Top 5 Feature Films of 2014


Alex / Published on October 16, 2014

2014 is shaping up to be a significant year for great movies and as we swiftly approach the winter months we thought this would be the perfect opportunity to round up our ‘Top 5 Movies of 2014’.

With so many sensational films to select from, this was no easy task and we are certain that we could re-write this list over and over with the number of sensational releases that have graced our screens so far!

However here is our list of some of 2014’s most captivating feature films.


Unlike anything else we have experienced in motion pictures this year what really sets this film apart is the fact it was filmed over twelve years using the same cast. Boyhood is an extraordinary achievement that effectively blurs the lines between film making and anthropology as it charts the twelve years in the life of a young man. Told through the eyes of a child names Mason and starring Ethan Hawke and Patricia Arquette as his patents, Boyhood charts the ups and downs experienced through early childhood whilst transporting us nostalgically through time to truly comprehend the triumphs and tribulations of growing up and of parenting.


Frank explores the story of a young, wannabe musician Jon who find himself inexplicably overwhelmed and out of his depth as he joins an avant-garde pop band led by the enigmatic figure Frank who conceals his identity by wearing a large fake head played by Michael Fassbender. The roots of Frank lie ina newspaper article by Jon Ronson detailing his time as keyboard player in Frank Sidebottom's Oh Blimey Big Band. As themes of insanity and creativity are explored the film offers a unique, comedic and entertaining look at the characteristics of successful artists.

The Grand Budapest Hotel

Brought to us by the fantastic Wes Anderson, The Grand Budapest Hotel recounts the adventures of M.Gustave, a legendary concierge at a famous European hotel and Zero Moustafa, the lobby boy who becomes his unlikely yet most trusted companion. Just like any other Anderson masterpiece The Grand Budapest Hotel overflows with intricate detail and his signature visuals however this time the style is refreshingly novel as Anderson brings us one of his very best films to date.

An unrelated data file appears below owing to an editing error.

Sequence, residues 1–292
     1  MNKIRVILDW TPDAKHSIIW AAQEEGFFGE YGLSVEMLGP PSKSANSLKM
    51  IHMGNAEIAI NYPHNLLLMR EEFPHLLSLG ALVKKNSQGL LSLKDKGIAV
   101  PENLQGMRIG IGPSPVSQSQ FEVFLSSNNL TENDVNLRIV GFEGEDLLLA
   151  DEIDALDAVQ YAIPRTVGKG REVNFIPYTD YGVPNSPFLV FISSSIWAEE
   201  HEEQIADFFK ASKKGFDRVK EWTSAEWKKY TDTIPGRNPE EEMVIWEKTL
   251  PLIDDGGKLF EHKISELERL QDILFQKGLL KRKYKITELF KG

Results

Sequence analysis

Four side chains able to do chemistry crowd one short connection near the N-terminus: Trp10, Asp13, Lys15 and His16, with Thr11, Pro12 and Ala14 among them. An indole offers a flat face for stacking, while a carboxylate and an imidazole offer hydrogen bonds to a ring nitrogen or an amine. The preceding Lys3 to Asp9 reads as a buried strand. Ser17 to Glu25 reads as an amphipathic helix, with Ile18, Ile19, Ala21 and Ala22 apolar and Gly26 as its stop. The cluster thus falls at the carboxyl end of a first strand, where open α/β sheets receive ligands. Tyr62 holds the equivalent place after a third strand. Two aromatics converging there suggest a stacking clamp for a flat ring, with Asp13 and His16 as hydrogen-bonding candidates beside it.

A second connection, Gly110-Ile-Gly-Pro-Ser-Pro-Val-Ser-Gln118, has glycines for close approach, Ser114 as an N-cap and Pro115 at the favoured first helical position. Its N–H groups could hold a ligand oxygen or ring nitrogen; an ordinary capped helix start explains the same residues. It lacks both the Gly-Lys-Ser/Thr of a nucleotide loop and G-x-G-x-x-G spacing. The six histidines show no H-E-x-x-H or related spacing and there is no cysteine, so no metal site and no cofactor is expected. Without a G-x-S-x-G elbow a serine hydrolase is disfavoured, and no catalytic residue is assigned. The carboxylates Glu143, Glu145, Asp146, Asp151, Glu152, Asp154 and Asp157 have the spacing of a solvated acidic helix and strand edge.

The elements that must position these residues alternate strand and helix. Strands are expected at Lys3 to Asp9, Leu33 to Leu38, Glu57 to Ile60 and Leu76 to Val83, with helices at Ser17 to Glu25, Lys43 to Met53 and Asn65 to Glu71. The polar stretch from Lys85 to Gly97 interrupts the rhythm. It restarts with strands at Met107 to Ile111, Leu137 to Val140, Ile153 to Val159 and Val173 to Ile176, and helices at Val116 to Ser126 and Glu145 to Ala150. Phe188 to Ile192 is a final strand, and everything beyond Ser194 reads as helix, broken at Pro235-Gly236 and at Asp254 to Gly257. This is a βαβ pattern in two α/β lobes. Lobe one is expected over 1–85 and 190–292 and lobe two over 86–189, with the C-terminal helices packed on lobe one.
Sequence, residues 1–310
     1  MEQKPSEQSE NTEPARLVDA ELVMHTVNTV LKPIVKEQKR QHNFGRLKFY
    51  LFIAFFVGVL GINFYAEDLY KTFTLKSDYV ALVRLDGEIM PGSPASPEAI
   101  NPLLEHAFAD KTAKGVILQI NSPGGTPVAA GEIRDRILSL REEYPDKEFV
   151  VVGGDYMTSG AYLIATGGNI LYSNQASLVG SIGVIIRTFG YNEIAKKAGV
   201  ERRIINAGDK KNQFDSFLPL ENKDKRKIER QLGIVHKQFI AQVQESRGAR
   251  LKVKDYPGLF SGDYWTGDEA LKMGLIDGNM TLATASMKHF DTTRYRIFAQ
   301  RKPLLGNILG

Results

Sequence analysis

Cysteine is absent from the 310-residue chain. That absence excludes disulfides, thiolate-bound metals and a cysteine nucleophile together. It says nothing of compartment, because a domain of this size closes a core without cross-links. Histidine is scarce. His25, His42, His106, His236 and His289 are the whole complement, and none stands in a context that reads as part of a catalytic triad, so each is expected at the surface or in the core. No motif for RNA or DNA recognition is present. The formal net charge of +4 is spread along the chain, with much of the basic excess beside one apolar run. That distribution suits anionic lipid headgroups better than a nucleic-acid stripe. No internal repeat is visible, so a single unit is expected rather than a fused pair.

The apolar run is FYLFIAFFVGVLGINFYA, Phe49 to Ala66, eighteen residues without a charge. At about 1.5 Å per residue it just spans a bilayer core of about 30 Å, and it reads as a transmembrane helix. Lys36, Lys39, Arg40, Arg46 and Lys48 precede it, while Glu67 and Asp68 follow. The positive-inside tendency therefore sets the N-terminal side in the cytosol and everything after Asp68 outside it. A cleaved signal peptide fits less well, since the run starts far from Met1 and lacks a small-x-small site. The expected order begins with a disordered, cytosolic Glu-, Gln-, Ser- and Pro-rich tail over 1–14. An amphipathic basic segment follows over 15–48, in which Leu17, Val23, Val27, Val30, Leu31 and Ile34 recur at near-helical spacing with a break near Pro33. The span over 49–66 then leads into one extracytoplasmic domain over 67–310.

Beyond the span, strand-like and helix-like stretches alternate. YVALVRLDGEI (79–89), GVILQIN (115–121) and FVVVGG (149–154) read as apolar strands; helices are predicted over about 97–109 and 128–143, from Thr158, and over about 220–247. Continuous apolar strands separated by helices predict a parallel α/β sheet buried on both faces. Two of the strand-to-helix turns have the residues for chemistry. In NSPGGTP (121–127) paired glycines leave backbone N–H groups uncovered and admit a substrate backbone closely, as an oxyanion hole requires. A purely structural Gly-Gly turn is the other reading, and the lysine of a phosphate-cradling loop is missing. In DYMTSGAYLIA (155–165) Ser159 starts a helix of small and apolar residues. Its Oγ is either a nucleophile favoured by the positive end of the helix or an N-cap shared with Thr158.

Starred Up

‘Starred Up’ is a volatile prison drama written by Jonathan Asser, a one-time poet who used to run therapy sessions with prisoners. Played by up and comer Jack O’Connell, 19 year old Eric is prematurely transferred from a young offenders institute to the same adult prison facility as his estranged father. Eric’s explosive temper find his enemies in both the prison guards and fellow inmates however as he is approached by a volunteer psychotherapist who runs an anger management group for prisoners we see Eric confront his personal demons. A tale of gang politics and prison corruption Starred Up is a must see of 2014.

Gone Girl

Bringing a literary phenomenon to the big screen, David Fincher explores the themes of gender, marriage and media through this surgically precise and mesmerising thriller. The story focuses on the occasion of the fifth wedding anniversary of Nick Dunne (Ben Affleck) and Amy (Rosamund Pike) as Nick arrives home to discover his wife has gone missing. With a growing media frenzy and pressure from the authorities, Nick attempts to portray the relationship with his wife as a blissful union, however as tension rises this representation beings to fall apart. Soon enough, Nick finds himself at the centre of the investigation as everyone, including us begins to wonder did Nick kill his wife?

So that’s our list of this years must see movies but with so many to choose from what films would make it to your top 5?


Search Tags: Feature Films, Top Films, Films 2014, Top Films 2014, Top 5 Films

Add your Comment No sign in required

  • This will displayed
  • We just want to make sure that you're not a machine, if you don't know the answer you can change the question.
    What is the first letter in the alphabet? Show me a different question
    Choose Answer

1000 characters left.

0 Comment